Dysmenorrhea

Cyclic pain associated with menses.


Dysmenorrhea is painful menstruation and is the most common of all gynecologic
complaints, and the leading cause of absenteeism of women from work, school,
and other activities. In addition to identifiable pathological causes, number
of constitutional factors may lower pain threshold thus appearing as worsening
dysmenorrhoea. Common factors include anemia, an increase in obesity, chronic
illness, overwork, stress in general, diabetes, and poor nutrition. Two
forms of dysmenorrhea can be identified:

  1. Primary dysmenorrhea not related to any definable pelvic lesion.
    This usually begins with the first ovulatory cycles beginning in most cases
    before the age of 20. Primary dysmenorrhea is associated with nausea in
    50% of patients, vomiting in 25% of patients and stool frequency in 35%
    of patients. The pain is low and crampy recurring in waves that probably
    correlate with uterine contractions. The pain usually occurs a few hours
    before bleeding, comes to a peak intensity within a few hours, and dissipates
    within 1-2 days. It generally occurs over the midline, and is relieved by
    the onset of good menstrual flow.


  2. Secondary dysmenorrhea related to the presence of pelvic lesions
    secondary to organic pelvic disease such as endometriosis, salpingitis and
    PID (pelvic inflammatory disease), post surgical adhesions, etc. Secondary
    dysmenorrhea begins up to a few days before menstruation and lasts several
    days after the onset of flow. Often it is lateralized to one side, and it
    does not characteristically peak and diminish as clearly or quickly as primary
    dysmenorrhea. It’s onset is later in life in women who have not had primary
    dysmenorrhea, however it can be superimposed onto a pre-existing case of
    primary dysmenorrhea. The I.U.D. may cause such pain problems.


Actions indicated for the processes behind this disease :

Anti-spasmodic herbs will ease the muscle spasms that
are the immediate cause of pain.

Nervines will help associated psychological tension or anxiety.

Diuretic remedies would be indicated if the dysmenorrhoea was of
a congestive nature accompanied by water retention.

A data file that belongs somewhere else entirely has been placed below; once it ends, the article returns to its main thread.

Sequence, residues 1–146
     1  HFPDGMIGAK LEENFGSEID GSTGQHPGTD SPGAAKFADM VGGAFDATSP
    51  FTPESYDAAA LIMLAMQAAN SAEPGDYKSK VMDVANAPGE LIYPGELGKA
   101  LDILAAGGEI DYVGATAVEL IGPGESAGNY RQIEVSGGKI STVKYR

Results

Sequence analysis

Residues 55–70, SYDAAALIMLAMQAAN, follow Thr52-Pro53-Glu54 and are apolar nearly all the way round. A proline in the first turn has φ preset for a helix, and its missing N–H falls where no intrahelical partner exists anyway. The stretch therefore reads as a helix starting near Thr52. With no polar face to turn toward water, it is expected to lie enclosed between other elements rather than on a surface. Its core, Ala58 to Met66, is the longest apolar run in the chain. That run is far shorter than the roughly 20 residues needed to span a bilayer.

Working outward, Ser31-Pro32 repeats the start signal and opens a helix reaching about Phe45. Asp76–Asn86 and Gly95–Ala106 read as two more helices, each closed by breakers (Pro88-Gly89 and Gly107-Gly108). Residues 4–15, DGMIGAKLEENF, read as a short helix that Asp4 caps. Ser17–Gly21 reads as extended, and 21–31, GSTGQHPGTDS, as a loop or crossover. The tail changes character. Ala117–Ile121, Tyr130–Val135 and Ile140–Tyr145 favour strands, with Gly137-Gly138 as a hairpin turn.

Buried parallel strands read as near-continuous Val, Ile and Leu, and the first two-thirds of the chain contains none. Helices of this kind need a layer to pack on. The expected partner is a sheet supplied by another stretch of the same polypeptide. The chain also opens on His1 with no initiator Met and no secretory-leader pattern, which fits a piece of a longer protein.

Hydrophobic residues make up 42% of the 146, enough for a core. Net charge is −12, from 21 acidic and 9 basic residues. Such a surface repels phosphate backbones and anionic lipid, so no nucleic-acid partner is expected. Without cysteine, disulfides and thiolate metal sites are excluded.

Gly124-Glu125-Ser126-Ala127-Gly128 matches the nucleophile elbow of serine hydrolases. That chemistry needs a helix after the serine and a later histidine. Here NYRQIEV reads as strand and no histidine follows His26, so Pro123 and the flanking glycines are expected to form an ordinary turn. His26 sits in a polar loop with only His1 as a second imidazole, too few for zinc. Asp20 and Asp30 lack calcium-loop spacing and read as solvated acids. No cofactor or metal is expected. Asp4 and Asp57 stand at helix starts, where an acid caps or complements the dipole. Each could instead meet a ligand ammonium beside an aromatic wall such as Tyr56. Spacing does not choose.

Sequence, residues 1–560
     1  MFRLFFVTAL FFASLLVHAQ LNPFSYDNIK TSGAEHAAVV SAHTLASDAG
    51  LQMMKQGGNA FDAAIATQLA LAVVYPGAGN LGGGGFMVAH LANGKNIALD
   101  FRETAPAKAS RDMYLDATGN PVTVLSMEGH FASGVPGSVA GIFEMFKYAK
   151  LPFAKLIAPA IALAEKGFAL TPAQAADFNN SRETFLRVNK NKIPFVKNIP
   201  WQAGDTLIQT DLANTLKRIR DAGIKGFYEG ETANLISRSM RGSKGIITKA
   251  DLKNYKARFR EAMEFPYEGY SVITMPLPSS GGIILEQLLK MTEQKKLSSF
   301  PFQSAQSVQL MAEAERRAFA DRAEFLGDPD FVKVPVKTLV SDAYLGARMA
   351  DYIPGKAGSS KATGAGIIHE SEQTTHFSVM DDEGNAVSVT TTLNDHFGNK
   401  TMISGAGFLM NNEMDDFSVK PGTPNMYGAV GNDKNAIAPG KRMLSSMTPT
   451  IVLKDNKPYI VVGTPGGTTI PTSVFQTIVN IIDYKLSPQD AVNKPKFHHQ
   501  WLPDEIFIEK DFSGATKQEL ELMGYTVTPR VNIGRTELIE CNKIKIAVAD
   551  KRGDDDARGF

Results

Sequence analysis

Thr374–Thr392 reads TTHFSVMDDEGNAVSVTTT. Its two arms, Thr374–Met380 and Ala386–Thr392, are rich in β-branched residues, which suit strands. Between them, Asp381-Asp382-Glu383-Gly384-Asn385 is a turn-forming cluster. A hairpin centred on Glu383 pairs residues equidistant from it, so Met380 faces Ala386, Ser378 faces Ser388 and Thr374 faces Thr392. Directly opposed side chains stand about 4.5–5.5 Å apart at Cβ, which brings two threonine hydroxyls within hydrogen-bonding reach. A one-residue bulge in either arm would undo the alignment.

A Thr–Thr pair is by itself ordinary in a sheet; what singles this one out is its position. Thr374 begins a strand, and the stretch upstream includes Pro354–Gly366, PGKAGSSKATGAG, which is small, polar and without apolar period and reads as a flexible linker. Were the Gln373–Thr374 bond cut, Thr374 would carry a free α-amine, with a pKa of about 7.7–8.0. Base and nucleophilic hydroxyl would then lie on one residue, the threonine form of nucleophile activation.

Uterine Tonics provide the basis for any healing work in this body
system..

Hormonal Normalizers would be indicated if the diagnosis suggests
a pivotal contribution by hormonal imbalance.



System Support :

This will depend upon the diagnosis of cause.


Specific Remedies :

As there may be different underlying causes for this all too common problem,
a number of remedies have been called `specifics’. Remedies that are of
value in the whole range of etiologies are :


Cimicifuga racemosa Dioscorea villosa Scutellaria spp.

Viburnum opulus Viburnum prunifolium


One possible prescription for Dysmenorrhea :

Viburnum prunifolium

Scutellaria spp.

Cimicifuga racemosa equal parts 5 ml taken as needed



This supplies the following actions :

Anti-spasmodic (Viburnum prunifolium, Scutellaria
spp., Cimicifuga racemosa
)

Nervine (Viburnum prunifolium, Scutellaria spp., Cimicifuga racemosa)

Uterine Tonic ( Cimicifuga racemosa)



One possible prescription : Dysmenorrhea associated pelvic lesions

Viburnum prunifolium

Dioscorea villosa

Cimicifuga racemosa equal parts 5 ml taken three times a day



This supplies the following actions :

Anti-spasmodic (Viburnum prunifolium, Dioscorea villosa,
Cimicifuga racemosa
)

Nervine (Viburnum prunifolium, Cimicifuga racemosa)

Uterine Tonic ( Cimicifuga racemosa)



The addition of Dioscorea villosa will provide a more reliable anti-spasmodic
impact if a physical problem is present. This prescription will support
but not replace whatever treatment is necessary for the underlying
problem.


Broader Context of Treatment :

Dietary and supplemental approaches are well known, but unnecessary if the
appropriate herbs are used. Psychological issues can be fundamental here.
Low tolerance to the sensation of uterine contraction may be learned
behavior. If mothers never complained of painful periods, only 6.8% of daughters
complained of dysmenorrhea, conversely 29.6% of daughters of dysmenorrheic
mothers also had the symptom. However other studies dispute this association.
(Of course! This is the joy of statistics for the Ph.D. candidate.)

David L. Hoffmann BSc Hons MNIMH Written by David L. Hoffmann BSc Hons MNIMH

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